How GetSwift got here: A timeline of the tech startup’s troubles


GetSwift's Joel McDonald and Bane Hunter. Source: supplied.

By Dominic Powell and Emma Koehn. Published at 9.45AM.

Tech startup GetSwift’s shares remain suspended by the Australian Securities Exchange (ASX) this week, pending further enquiries from the ASX about how the details of GetSwift’s partnerships were announced to investors.

The delivery ‘software as a service’ company was founded by former Australian football player Joel MacDonald in 2014, and while it has received notable amounts of investment and a positive reception during its formative years, in the time since the company listed on the ASX in 2016, a number of concerns have been raised.

A Fairfax investigation into the business last week alleged the company had failed to provide investors with market sensitive information about significant changes to its contracts with other businesses. That prompted the ASX to then request a response from GetSwift to a series of questions about these contracts.

To help you understand how GetSwift got to the position it’s in today, StartupSmart has compiled a timeline of events and dramas in the history of GetSwift.

Liquorun launches (2013)

GetSwift was born out of Joel MacDonald’s initial business venture in 2013, which was called Liquorun and founded alongside other Melbourne players James Strauss and Rohan Bail. The startup aimed to deliver Melbourne residents alcohol within two hours.

MacDonald told StartupSmart at the time the business was founded after a post-training brainstorming session between himself, Strauss and Bail, along with a late-night altercation at a taxi rank.

“A little while back, I was involved in an altercation in a taxi rank in Brisbane and ended up getting arrested. I had this vision that the hospitality and late night transport industry needed a bit of a shake-up,” he said at the time.

Later, MacDonald admitted he had been called to the Melbourne Magistrates court after the Victorian Police tried to shut the operation for a breach of the Liquor Act. It turned out he had filled out the liquor licence application form in incorrectly.

Liquorun’s website notifies users the business is currently closed, and the company has not posted on its social media platforms since 2015.

Pivot to ‘GetSwift’ and BlueChilli investment (October — December 2014)

However, the delivery aspect of the business became more and more of a focus for MacDonald and his founders. The entrepreneur told Fairfax the focus on deliveries came about after the team continued to run into the same problems while tackling their deliveries: “Where is the driver; who to dispatch jobs to; and how to optimise the most efficient route”.

This lead to MacDonald spinning out his initial concept into a venture called ‘Swift’, telling StartupSmart the alcohol delivery startup was used to “give us an understanding of the niche” before launching the broader delivery solution.

The startup also received part of a $700,000 round of funding from Australian accelerator BlueChilli as part of its first venture capital fund of $10 million. It was also reportedly invited to the US by grocery giant WholeFoods.

$675,000 angel investment (August 2015)

In late 2015, GetSwift locked in a $675,000 angel investment round from BlackSheep Capital and BlueChilli Venture Fund to continue international expansion plans to Asia and the US.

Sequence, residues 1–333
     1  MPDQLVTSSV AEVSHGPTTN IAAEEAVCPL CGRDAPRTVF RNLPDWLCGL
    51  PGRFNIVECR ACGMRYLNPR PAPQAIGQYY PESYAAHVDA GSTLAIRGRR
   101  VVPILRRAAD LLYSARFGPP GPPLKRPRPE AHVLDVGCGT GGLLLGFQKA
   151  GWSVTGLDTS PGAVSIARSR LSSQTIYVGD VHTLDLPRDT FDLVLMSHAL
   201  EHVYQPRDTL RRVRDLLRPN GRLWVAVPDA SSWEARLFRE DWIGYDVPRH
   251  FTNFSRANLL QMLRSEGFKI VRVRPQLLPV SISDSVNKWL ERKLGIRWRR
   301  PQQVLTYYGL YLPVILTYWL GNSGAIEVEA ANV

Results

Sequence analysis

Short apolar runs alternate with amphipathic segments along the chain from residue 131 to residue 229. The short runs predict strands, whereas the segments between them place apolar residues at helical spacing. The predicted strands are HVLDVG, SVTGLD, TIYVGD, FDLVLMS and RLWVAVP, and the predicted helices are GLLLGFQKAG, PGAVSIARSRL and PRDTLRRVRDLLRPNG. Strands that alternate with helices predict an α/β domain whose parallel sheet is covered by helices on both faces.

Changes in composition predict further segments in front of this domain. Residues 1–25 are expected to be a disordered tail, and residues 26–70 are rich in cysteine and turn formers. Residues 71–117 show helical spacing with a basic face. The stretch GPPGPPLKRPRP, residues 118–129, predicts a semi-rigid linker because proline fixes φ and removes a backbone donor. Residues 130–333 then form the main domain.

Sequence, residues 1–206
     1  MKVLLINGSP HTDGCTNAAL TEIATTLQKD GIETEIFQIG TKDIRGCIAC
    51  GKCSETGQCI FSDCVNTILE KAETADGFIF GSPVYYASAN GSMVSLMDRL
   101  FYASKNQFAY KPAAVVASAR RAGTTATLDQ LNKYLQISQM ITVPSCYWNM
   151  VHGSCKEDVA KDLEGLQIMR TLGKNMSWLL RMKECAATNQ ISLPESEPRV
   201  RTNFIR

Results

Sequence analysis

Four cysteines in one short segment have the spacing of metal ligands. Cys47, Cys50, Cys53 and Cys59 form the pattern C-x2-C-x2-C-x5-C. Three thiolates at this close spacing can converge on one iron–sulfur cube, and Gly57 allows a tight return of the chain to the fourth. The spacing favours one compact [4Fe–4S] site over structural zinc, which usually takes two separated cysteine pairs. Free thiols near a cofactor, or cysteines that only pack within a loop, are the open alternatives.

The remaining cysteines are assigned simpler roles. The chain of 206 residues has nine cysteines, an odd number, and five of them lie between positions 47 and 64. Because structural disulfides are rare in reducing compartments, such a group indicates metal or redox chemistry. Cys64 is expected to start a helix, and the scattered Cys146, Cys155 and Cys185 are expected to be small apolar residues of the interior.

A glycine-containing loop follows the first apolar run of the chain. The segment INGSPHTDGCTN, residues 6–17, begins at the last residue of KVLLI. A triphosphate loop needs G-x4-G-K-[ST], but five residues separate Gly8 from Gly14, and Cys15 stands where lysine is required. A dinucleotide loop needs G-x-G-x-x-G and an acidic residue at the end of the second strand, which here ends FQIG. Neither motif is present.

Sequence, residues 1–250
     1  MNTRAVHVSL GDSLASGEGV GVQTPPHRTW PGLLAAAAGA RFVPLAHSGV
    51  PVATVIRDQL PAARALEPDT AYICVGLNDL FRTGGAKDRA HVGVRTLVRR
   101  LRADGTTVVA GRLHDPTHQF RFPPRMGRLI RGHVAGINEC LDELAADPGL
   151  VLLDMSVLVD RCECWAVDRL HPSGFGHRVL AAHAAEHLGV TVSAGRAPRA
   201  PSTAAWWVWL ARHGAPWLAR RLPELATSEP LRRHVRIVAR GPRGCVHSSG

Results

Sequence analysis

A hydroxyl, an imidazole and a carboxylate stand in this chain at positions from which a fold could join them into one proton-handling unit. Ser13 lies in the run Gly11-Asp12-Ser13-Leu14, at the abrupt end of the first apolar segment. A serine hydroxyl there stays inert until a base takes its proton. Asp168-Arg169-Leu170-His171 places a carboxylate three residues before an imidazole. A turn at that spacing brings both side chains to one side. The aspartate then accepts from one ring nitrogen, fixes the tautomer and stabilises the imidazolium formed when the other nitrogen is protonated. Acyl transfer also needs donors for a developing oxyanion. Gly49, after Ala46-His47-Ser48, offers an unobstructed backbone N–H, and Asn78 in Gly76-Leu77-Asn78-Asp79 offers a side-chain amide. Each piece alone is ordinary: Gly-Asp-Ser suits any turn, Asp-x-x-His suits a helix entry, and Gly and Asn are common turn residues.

“The thing I really like is that Joel has really kicked arse at pushing the boundaries of his business, having the courage to move to New York to chase (and close) a massive deal in the US and to identify emerging opportunities with his SaaS platform for deliveries,” BlueChilli chief executive Sebastian Eckersley-Maslin said at the time.

In a later interview with StartupSmart, McDonald spoke of the difficulties of hustling for investment in the US, but said the region presented a great opportunity if founders are willing to hustle.

“It’s a grind. It can take an emotional and psychological toll if you don’t have the right support network around you, the passion for what you are doing and reasonable coping mechanisms with stress,” he said.

The company had also signed a multimillion-dollar deal with US retailer Instacart.

ASX listing and investor falling out (December 2016)

However, one of the company’s earliest investors soon became a critic, after a number of public spats between MacDonald and Eckersley-Maslin lead to the BlueChilli founder leaving the company’s board.

He told Fairfax the notice given to him regarding an initial meeting about GetSwift’s initial public offering was “simply not enough time to consider a major change in direction for the company”, after rumours circulated that his departure was due to a missed board meeting.

This lead to BlueChilli selling its 11.5% stake in GetSwift prior to the company listing on the ASX in October 2016, netting the accelerator a $1.2 million return. Eckersley-Maslin told Fairfax he had departed over a “fundamental disagreement over the management strategy of the company”.

The listing also attracted criticism from unnamed investors as its prospectus revealed revenue for the 2015-16 financial year was $107,554, with a $462,536 net loss.

However, MacDonald defended the listing so early in the startup’s life.

“We’ve got large enterprise clients doing heavy due diligence on us. The ASX listing gives us the opportunity to cut that down, because there’s a level of governance and transparency that goes along with it,” he told Fairfax.

$24 million raise: “Data talks bullshit walks” (June 2017)

After floating in 2016, the company sought to raise capital again, receiving $24 million in funding in June 2017 from new and existing investors including US institutions Horney, IFM and Regal.

The initial public offer for GetSwift in 2016 saw shares offered at 20c each and by June 2017, the company’s share price had increased to 98c.